Ed, many thanks for informing me about these extra options!!! They will come in handy for sure when switching!

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Posted by mlehman on Wednesday, May 17, 2017 1:24 PM

Bayfield Transfer Railway

Real crews leave part of their train on the main all the time.  Making two trips would waste a tremendous amount of time.

 

 

 

And as Ed later notes, with a trailing move, leaving the train on the main is a quick option that the dispatcher will like, too. Leaving the train at the last siding and then having to go back and forth to service this one industry is liable to tie up the main longer than a trailing drop would.

This also adds the complication that an industry will usually be served by a local in only one direction in most cases.

Ideally, the physical plant would allow for a nice flat spot to park the train out of the way at every customer, but it's often not so, Same thing with the grade and grade changes being less than ideal. They are made to work.

Mike Lehman

Urbana, IL

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Posted by Yannis on Wednesday, May 17, 2017 1:50 PM

Mike many thanks for the reply and info! Ideally, I would rather not have an industry at an incline but that would mean that my entire hill area would be scenic run only devoid of any industries. That could happen, but i would have to push the quarry down to the coast where it looks less plausible though.

If needed, I could also consider extending the passing siding from the coast up to the quarry on the hillside seing how close is the siding to the quarry. I could even double track the entire layout, but in both cases i think i end up adding too much track to the layout and loosing the visual benefits of single track (in addition to not being prototypical).

I tried on this track plan (for my next/future layout to have flatland with a passing siding everywhere there is industrial switching involved (main industrial area and the coast) with the exception of the hill.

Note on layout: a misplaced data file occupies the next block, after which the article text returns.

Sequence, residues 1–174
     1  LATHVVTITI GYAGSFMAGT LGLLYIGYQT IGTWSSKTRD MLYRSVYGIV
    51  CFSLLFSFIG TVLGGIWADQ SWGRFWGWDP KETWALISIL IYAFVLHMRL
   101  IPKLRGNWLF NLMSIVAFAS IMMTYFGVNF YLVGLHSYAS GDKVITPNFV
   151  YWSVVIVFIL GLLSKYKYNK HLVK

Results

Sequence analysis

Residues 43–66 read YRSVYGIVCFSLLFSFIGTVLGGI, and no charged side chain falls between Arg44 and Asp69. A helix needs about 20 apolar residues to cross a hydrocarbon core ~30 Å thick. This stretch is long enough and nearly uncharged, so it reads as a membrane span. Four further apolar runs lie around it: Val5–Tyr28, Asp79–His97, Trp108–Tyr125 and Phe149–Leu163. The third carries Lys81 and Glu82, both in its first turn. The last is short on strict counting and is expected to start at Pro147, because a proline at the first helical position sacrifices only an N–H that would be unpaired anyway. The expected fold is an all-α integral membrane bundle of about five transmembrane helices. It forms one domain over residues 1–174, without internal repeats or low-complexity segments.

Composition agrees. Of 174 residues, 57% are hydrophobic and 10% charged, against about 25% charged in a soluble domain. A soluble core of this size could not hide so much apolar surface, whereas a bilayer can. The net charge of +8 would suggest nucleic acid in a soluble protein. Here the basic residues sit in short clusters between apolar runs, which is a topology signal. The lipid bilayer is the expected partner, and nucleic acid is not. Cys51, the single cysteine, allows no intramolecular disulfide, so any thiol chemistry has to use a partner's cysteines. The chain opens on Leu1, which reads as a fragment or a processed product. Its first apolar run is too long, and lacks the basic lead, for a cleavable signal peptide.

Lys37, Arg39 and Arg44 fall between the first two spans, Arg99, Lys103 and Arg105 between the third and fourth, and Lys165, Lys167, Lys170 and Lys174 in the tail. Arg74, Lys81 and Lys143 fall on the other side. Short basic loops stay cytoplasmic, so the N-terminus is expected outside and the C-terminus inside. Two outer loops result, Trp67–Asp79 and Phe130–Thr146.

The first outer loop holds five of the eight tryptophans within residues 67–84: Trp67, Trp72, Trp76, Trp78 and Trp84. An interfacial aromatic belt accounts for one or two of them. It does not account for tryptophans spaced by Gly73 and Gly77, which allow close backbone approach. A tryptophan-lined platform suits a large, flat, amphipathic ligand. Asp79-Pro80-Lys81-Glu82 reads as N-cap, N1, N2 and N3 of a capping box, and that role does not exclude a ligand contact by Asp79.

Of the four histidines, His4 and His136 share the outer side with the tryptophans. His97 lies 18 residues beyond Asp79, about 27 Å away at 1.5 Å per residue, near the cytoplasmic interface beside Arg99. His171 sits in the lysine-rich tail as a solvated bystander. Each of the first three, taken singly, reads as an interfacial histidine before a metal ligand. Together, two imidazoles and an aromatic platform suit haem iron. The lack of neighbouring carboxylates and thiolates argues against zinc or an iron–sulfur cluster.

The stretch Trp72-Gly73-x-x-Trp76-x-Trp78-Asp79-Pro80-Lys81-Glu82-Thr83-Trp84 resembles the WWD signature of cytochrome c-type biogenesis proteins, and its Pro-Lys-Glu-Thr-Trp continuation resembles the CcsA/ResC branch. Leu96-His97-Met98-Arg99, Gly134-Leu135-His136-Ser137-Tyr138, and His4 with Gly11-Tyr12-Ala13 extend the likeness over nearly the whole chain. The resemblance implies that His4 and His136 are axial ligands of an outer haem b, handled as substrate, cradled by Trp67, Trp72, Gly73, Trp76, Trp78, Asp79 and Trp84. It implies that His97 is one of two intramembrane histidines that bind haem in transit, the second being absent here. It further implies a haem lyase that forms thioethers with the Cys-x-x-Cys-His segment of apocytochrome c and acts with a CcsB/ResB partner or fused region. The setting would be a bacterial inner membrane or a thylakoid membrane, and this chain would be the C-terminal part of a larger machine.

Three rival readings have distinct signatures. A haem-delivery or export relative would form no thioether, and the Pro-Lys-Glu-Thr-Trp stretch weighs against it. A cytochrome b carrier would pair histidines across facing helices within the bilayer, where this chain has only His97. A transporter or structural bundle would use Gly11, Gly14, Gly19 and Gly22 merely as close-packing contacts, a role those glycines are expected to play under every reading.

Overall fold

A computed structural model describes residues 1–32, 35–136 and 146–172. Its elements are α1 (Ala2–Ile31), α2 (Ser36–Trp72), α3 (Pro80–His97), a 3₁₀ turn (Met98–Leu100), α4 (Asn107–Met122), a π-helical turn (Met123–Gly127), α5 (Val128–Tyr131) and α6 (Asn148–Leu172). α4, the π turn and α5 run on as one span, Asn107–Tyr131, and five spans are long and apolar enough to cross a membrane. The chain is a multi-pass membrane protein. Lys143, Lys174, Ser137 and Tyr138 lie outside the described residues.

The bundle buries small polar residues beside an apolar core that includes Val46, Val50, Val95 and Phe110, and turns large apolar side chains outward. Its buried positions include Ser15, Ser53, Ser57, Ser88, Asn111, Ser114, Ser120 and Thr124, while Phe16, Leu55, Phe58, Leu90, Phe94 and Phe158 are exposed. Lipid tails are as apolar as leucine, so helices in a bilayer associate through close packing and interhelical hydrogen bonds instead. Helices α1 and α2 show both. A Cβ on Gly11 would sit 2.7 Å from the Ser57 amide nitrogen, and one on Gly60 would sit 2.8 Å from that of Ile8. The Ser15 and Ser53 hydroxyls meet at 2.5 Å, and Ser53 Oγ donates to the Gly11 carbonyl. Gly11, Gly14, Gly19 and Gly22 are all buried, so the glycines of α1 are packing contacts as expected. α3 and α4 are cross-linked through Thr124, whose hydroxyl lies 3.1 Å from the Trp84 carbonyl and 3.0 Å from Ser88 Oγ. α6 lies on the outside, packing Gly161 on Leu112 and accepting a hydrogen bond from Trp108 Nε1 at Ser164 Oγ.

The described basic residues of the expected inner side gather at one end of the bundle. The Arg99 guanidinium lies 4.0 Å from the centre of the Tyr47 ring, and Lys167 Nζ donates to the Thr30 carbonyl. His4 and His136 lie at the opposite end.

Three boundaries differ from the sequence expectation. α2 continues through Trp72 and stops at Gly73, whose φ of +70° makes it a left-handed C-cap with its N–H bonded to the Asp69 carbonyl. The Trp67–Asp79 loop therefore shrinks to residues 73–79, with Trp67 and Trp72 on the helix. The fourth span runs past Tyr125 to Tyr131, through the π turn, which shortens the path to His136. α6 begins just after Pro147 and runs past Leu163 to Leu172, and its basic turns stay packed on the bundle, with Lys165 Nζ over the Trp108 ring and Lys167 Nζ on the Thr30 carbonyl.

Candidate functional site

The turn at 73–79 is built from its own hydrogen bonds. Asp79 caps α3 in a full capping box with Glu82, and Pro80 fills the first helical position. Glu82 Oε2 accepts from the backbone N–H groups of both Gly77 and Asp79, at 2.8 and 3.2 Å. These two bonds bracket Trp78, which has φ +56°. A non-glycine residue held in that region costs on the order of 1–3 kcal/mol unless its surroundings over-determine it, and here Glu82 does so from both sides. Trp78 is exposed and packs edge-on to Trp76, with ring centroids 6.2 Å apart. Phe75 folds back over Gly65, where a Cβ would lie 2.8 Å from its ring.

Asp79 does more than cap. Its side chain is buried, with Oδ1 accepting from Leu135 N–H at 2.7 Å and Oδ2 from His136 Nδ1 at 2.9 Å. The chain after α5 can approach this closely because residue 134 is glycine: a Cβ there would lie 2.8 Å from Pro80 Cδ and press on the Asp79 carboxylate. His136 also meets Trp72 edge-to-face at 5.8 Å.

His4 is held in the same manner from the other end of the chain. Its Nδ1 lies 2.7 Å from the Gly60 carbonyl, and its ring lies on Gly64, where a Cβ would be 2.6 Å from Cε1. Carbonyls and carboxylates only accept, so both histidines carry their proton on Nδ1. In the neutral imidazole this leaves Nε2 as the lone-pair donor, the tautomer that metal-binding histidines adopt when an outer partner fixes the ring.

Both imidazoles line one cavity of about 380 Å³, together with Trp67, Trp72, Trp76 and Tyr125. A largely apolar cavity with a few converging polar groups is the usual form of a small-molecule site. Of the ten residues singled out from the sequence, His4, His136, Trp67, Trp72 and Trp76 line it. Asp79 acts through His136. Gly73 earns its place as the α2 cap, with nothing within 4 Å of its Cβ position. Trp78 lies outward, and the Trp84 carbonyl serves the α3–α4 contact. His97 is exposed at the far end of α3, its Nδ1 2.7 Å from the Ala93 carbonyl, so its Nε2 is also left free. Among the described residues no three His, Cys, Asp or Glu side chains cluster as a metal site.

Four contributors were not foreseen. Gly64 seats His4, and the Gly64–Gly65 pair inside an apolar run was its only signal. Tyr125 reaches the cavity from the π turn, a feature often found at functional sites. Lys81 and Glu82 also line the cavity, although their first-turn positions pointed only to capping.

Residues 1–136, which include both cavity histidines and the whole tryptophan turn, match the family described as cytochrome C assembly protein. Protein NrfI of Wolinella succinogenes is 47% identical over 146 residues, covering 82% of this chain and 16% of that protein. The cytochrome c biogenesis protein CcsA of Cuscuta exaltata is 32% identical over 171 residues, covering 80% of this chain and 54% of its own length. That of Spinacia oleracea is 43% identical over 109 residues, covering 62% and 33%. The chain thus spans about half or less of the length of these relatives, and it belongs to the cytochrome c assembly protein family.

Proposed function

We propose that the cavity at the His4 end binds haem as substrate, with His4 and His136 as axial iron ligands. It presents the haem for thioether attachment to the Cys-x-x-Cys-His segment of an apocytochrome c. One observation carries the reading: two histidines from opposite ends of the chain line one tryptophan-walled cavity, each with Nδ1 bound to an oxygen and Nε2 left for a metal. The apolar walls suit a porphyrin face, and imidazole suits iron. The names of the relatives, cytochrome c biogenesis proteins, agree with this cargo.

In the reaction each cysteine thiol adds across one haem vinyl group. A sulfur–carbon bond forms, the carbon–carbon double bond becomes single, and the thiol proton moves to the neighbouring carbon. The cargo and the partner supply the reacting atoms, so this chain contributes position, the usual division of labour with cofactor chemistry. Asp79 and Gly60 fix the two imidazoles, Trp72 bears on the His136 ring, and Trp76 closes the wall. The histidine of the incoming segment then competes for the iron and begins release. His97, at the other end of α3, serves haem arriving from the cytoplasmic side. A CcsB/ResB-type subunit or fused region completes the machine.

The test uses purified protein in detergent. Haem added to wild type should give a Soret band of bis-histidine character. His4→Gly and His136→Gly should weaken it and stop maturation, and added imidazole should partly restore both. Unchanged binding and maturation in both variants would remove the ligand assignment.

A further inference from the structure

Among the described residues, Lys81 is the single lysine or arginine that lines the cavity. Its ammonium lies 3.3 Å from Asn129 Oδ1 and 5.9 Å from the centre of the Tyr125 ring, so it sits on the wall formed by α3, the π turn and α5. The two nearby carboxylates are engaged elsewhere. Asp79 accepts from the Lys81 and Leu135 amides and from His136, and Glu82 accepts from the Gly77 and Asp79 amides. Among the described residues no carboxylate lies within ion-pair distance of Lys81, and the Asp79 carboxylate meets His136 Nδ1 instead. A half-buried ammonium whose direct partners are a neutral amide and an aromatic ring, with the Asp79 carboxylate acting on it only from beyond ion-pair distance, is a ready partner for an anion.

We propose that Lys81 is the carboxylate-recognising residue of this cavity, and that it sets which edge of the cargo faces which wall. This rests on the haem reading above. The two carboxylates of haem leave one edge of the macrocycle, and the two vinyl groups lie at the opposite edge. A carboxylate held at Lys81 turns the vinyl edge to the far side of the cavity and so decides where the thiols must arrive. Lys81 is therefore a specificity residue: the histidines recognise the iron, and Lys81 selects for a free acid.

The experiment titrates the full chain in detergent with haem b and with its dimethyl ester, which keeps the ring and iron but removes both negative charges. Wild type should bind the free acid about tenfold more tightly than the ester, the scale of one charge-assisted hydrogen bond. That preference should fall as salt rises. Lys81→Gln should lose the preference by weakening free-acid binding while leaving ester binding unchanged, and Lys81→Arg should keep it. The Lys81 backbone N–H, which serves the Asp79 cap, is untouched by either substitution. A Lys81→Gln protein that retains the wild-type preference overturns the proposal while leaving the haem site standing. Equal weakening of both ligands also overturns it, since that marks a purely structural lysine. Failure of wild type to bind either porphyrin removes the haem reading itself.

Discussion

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Posted by BRAKIE on Thursday, May 18, 2017 8:31 PM

7j43k

My first thought was "Why obstruct the main?"

Unless there's a good reason, I would think the train of interest would leave the un-related cars at the nearest siding, and go directly into the industrial siding.

That way, you don't obstruct the main.  And you don't run the risk of the parked train running away should someone have, uh, "made an oops".

 

That said, if ya gotta, ya gotta.

 

Ed

 

Ed,That's part of railroading also the nearest siding may be miles away and you'll tie the main traveling to and from.

What would happen the local will cool it heels in that siding waiting for clearance been there done that.

Larry

SSRy

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Posted by 7j43k on Thursday, May 18, 2017 9:03 PM

I don't doubt that the local does a lot of sitting--get paid for that, too.  By the way, that siding don't look all that far away to me.Big Smile

I've been trying to point out there are various options beyond just one.

I'm going to speculate that if the cut of cars that was parked on the main got away, that management would decree that cars could not be parked there again.

 

Ed

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Posted by BRAKIE on Thursday, May 18, 2017 9:29 PM

7j43k
I'm going to speculate that if the cut of cars that was parked on the main got away, that management would decree that cars could not be parked there again. Ed

Management has little say in every day railroading..

Not while the local crew is switching a industry..Now to leave them standing on the main while the crew went up a short industrial lead to serve a industry the DS would need to give that permission.It would be done if necessary but,not likely if there is room to drag the train up that short industrial lead.

There's no cut and paste in railroading.

Now if those cars did get away there will be firings. That's why you are trained to set enough handbrakes to hold the cut and if you don't and everything went South..Your railroading career will come to abrupt  end.

Larry

SSRy

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Posted by Yannis on Friday, May 19, 2017 7:32 AM

Larry and Ed, I am reading your posts with great interest with respect to the different options and operating practices for dealing with this industrial siding! I bookmarked this for using the info during my operating sessions! Many thanks for your feedback, info and time!!! Much appreciated.